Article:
One advantage is that he can get away with moralising—it’s not Chekhov but Burkin who talks about people who enclose themselves in some kind of shell, and it’s not Chekhov but Ivan Ivanych who argues that happiness is a mere illusion and people can only be happy because they don’t know about others’ suffering. More importantly, the device creates some kind of distance and makes us question the “morals” and even the storytellers. In “Man in a Case” for example, Burkin talks about Belikov but he himself was also scared of Belikov and feels relieved after his death, only to realise that everything afterwards remains the same in the village. In “Gooseberries”, Ivan Ivanych preaches about doing good and not getting lulled into complacency, but there doesn’t seem to be any indication that he himself does good—he doesn’t notice the lack of interest from his listeners, and at the end of the story, doesn’t notice that the terrible smell of stale tobacco from his pipe makes his friend Burkin unable to sleep for a long time. 

In “About Love”, there’s no moralising, but the framing device allows us to see Alyokhin and his prosaic life from the outside, before he begins his story, and that has an effect on how we take his story and how we imagine things would be if Alyokhin declared his feelings earlier and Anna Alekseyevna left her husband for him. 

These are wonderful stories. 


I got my second dose yesterday afternoon and have been sick from last night. I was so miserable earlier that I couldn’t even read. Now I’m still tired but slightly better, and can read some Chekhov. 

Sunday 8 August 2021

Tolstoy and his sister’s unhappy marriage

I’ve been reading Rosamund Bartlett’s biography of Tolstoy and something caught my attention: Tolstoy’s sister Masha left her husband in summer 1857. 

“None of the Tolstoy brothers had particularly liked Valerian Petrovich, but they had not known quite how depraved he was. It now emerged that when he was not away on hunting expeditions, or continuing to spend periods living with his peasant mistress, who had borne him several children, he had been a cruel and despotic husband.” (Ch.6) 

No longer wanting to be part of a “harem”, she left him and moved to her part of the Pirogovo estate, becoming neighbour to her brother Sergey. Lev Tolstoy went there the day after he arrived home from his European travels. 

In 1861, in Aix-les-Bains, Masha met the Swedish Viscount Hector Victor de Kleen, with whom she spent the next 2 winters in Algiers. 

“Her brothers learned they were living together when she made a trip back to Russia in the summer of 1862, just when Tolstoy was about to get married. The following autumn, fearing their censure, she wrote from Geneva to tell them she had given birth to a little girl. Both Tolstoy and his brother Sergey had fathered illegitimate children themselves, and were sympathetic. Tolstoy hastened to reassure Masha of their support, and resolved to try to help her. In January 1864 he and Sergey met with Valerian Petrovich, who acknowledged his responsibility in the breakdown of the marriage and agreed to a divorce. Tolstoy obtained the necessary permission from the bishop, and then sent the documents for Masha to sign and return. She was scared to set things in motion, however, as Valerian Petrovich sent her a threatening letter, telling her a divorce would ‘harm his position and bring him a great deal of unpleasantness’…” (Ch.9)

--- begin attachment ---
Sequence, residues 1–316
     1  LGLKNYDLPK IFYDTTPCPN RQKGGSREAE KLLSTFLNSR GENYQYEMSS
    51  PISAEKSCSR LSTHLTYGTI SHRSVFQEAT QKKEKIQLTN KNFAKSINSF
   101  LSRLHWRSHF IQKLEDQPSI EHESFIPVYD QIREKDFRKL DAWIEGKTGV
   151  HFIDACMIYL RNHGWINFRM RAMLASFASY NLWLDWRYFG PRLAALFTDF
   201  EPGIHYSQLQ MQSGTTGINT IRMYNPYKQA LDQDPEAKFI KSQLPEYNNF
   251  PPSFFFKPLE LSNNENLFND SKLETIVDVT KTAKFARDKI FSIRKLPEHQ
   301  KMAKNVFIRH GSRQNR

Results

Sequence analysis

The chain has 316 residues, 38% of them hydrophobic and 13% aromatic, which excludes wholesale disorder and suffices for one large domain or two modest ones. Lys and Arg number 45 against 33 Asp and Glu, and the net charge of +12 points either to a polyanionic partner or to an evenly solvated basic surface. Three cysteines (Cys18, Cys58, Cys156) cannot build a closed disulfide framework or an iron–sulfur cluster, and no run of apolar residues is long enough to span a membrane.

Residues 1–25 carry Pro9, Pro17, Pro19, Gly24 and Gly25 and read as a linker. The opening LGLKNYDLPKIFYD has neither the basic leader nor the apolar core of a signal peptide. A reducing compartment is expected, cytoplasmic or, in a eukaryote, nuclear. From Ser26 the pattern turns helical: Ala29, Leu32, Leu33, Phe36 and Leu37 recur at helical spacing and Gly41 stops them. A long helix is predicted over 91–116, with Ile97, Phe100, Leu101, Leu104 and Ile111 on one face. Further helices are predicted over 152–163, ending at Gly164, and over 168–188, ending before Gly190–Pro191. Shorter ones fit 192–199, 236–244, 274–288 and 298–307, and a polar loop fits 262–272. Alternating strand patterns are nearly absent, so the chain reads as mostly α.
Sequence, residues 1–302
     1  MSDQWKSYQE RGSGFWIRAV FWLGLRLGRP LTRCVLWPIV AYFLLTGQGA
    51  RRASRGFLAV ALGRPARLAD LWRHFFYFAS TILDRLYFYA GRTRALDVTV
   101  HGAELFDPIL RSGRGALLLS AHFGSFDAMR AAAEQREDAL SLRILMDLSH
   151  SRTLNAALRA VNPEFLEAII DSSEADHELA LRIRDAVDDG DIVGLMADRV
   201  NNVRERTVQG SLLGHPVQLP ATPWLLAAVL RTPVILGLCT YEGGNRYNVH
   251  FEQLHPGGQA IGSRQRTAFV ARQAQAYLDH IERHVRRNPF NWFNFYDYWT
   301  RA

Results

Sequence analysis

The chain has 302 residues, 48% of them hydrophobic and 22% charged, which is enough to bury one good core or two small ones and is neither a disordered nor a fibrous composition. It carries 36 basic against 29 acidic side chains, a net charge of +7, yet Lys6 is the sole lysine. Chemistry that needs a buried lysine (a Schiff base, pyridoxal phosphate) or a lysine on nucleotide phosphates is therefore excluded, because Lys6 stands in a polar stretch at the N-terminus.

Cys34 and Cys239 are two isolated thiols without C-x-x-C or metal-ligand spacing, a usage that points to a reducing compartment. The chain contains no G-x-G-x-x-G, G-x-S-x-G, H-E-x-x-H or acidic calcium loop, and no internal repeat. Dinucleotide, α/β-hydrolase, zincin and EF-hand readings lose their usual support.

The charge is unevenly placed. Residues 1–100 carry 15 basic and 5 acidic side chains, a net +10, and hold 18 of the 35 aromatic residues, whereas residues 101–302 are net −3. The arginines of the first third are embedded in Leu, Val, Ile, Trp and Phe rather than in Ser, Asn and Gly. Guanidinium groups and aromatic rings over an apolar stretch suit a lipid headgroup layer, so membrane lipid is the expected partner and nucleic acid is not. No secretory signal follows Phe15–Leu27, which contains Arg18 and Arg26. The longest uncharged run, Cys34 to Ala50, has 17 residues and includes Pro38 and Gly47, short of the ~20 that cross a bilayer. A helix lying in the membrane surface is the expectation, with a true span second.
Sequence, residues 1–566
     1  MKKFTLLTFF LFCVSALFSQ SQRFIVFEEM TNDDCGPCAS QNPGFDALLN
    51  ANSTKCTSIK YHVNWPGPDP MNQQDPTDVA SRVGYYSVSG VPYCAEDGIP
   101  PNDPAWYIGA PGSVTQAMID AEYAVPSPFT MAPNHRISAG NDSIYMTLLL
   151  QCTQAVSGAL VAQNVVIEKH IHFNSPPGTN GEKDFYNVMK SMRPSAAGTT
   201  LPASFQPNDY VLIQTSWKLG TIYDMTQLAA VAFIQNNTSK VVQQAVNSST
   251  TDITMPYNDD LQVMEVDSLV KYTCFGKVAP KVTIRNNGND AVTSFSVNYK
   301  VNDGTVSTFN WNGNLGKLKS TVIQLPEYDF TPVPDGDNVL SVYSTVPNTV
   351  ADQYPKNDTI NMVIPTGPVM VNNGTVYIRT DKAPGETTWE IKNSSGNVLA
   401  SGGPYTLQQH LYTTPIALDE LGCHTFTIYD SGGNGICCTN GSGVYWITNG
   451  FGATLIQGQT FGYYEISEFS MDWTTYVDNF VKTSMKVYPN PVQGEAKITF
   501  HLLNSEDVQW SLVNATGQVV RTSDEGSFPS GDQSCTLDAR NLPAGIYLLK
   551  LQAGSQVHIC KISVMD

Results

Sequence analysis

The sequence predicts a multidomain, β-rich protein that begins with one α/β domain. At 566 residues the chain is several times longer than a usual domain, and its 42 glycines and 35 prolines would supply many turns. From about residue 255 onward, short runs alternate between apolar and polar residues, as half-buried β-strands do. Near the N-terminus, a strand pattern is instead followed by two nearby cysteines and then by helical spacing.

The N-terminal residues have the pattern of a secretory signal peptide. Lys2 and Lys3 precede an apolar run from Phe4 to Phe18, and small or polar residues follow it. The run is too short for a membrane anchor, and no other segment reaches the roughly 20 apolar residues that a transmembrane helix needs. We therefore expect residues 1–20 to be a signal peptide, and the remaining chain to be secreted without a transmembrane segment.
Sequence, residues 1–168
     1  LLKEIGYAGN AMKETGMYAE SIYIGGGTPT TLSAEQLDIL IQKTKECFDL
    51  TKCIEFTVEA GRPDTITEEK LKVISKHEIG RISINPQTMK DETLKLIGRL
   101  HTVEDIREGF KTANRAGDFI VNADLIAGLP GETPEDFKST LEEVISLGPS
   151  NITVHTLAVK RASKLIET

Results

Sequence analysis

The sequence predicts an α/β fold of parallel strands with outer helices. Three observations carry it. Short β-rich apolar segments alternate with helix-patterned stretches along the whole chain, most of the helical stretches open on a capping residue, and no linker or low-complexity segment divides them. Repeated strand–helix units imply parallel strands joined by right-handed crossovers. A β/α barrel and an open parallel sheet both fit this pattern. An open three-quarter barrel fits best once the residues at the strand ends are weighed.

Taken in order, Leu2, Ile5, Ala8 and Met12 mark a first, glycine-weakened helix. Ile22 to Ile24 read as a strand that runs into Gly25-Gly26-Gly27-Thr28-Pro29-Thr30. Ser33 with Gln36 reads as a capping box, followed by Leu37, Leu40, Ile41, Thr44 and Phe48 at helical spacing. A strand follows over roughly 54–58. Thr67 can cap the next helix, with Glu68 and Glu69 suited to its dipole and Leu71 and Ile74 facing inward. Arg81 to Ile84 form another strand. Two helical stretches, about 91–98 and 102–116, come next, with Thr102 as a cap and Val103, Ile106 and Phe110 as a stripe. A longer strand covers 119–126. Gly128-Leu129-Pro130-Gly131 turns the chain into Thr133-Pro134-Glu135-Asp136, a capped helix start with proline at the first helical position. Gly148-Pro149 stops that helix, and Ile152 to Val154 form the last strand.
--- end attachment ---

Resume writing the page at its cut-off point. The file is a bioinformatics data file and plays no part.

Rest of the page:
That sheds a different light on Anna Karenina, does it not? 

Because of his sister’s situation, Tolstoy had to do research on divorce laws and other related details in Russia, a lot of which went into the novel. Masha didn’t need to go through the divorce from her husband, however, because the viscount returned to Sweden to marry someone richer, leaving Masha mired in debt. His family persuaded him to leave her, “a woman with four children who would also soon bear the stigma of divorce”. Rosamund Bartlett continues: 

“Masha returned to Russia and Valerian Petrovich died the following year, but she remained deeply unhappy in her personal life, having left her daughter Elena behind in Switzerland. As she wrote in the desperate letter to her brother in 1876 in which she likened herself to Anna Karenina, she knew of no single woman from their background with the ‘courage’ to admit to the existence of an illegitimate child.” (ibid.)

Masha’s situation was certainly one of the influences on the depiction of Anna Karenina, as Rosamund Bartlett suggests, but I think some of her unhappy marriage also went into Dolly, Tolstoy’s sympathetic and moving portrayal of a woman worn out by several children and unloved by her husband.

“It was Aunt Toinette, however, who had perhaps the greatest influence on Tolstoy’s views about adultery. In his memoirs, in which he writes about her at length, Tolstoy records telling her late one night about an acquaintance of his, whose wife had been unfaithful and absconded. When he expressed the view that his friend was probably glad to be shot of his wife, he describes how Toinette at once assumed a serious express and urged instead forgiveness and compassion. This is precisely the sentiment Tolstoy voices through his unsung heroine Dolly in Anna Karenina. When Karenin tells Dolly about his predicament at the end of Oblonsky’s dinner party in Part Four of the novel, she pleads with him not to bring shame and disrepute on his wife by divorcing her, as it would destroy her. Toinette’s general view, that one should hate the crime, but not the person, was essentially Tolstoy’s, and holds the key to why Anna Karenina is one of the most compelling and complex literary characters ever created.” (ibid.)